BMW 5 Series: Expensive feels good

The new BMW 5 Series sedan (Undated) The new BMW 5 Series sedan (Undated) Photo Credit: Handout

advertisement | advertise on newsday

How sad it is when something like this $73,000 BMW that's so wrong for times of tight money and rising gasoline prices feels oh so right from behind the wheel.

Redesigned for 2010, BMW's midrange 5 Series line appears to have moved a little closer in luxury to the even more expensive 7 Series cars, but it's debatable whether it's any less capable than before as a sport sedan; if you are lucky enough to afford a new 5 Series model, I think it will reward you handsomely in comfort and in performance.

With the available twin turbocharged V-8 engine, a 5 can hit triple-digit speeds in the blink of an eye and pile points up on your driver's license like so many snowflakes.

I hated to give it back -- except for its thirst for $4 a gallon (and climbing) premium gasoline; 20 mpg was the best I could get out of it in a week of almost entirely highway miles.

On sale since the summer, the midsize 2011 5 Series cars share structural basics and some engines with the 7 Series and start at $45,425 with freight with a 240-hp. 3.0-liter six-cylinder engine and an eight-speed automatic transmission. Base prices range up to $67,075 for an all-wheel drive Gran Turismo hatchback model with my tester's 400-hp. V-8. That engine was new for 2010.

Stick shift is available on some variants. And the silky automatic, which BMW says is new, can be shifted manually.

advertisement | advertise on newsday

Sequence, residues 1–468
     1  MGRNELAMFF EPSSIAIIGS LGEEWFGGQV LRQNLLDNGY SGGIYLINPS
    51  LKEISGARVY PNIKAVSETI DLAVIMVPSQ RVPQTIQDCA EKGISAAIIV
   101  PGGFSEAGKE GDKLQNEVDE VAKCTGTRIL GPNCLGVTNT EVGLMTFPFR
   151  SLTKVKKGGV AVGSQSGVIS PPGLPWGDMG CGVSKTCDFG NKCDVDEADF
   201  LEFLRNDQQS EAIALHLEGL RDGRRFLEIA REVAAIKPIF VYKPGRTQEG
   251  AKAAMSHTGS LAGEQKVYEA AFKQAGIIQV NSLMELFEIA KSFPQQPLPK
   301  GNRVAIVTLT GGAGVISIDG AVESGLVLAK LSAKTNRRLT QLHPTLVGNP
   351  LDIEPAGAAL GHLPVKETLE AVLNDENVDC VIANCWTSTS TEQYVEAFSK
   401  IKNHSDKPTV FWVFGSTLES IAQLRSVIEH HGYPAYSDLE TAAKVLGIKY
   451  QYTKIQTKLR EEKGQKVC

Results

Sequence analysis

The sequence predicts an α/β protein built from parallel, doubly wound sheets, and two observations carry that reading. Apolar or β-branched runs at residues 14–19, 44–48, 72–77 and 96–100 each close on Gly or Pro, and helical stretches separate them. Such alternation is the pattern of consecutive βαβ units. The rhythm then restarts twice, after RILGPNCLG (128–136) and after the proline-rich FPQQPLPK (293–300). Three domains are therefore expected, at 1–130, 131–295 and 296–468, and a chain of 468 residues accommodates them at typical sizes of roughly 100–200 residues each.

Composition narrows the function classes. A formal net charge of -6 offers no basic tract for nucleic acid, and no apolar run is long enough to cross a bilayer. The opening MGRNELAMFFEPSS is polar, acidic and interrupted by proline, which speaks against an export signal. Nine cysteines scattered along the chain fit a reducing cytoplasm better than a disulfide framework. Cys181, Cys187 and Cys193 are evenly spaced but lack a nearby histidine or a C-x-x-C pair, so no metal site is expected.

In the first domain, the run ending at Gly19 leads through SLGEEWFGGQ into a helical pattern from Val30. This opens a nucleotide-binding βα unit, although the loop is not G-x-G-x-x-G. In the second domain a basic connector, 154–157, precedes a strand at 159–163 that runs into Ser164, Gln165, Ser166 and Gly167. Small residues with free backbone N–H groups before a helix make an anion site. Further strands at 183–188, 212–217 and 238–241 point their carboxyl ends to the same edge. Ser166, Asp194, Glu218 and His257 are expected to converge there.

Changes for 2010, carried over for 2011, included an increase of about three inches in the wheelbase, two inches in length and a half inch in width. There's also a bit more front and rear headroom.

Still there is BMW's iDrive joystick-based dashboard control system, now in its fourth generation and friendlier than before -- mostly because BMW has removed many key functions from the system and put them on conventional switches.

Available is an upgraded Dynamic Handling package for $2,700 that adjusts shock absorber damping to road and driving conditions and also produces a counteracting force to a car's tendency to lean in cornering.

The electric, rather than hydraulic, power steering is there purportedly to save energy, but as in many electrics, the system offers a heavy feel that's artificial.

The 5 Series gets an overall federal crash test score of five out of five stars. The Insurance Institute for Highway Safety calls the line a "top safety pick." Consumer Reports has no reliability data yet for the new 5. 

2011 BMW 550i xDrive Sedan 
Vehicle tested

Engine: 4.4-liter V-8, twin-turbocharged, 400 hp.

Fuel: Premium required

Transmission: Eight-speed automatic, all-wheel drive.

Safety: Eight air bags; four-wheel disc brakes with anti-lock, stability control and brake assist; variable-intensity brake lights; swiveling headlamps with cornering lamps; rear, side and "top view" video cameras; front and rear obstacle warning; tire pressure monitoring; daytime running lamps.

Place of assembly: Dingolfing, Germany

advertisement | advertise on newsday

Trunk: 14 cubic feet

EPA fuel economy estimates: 16 mpg city, 24 highway

Price as driven: $73,725 with freight

Bottom line: For drivers with a need for speed.

You also may be interested in: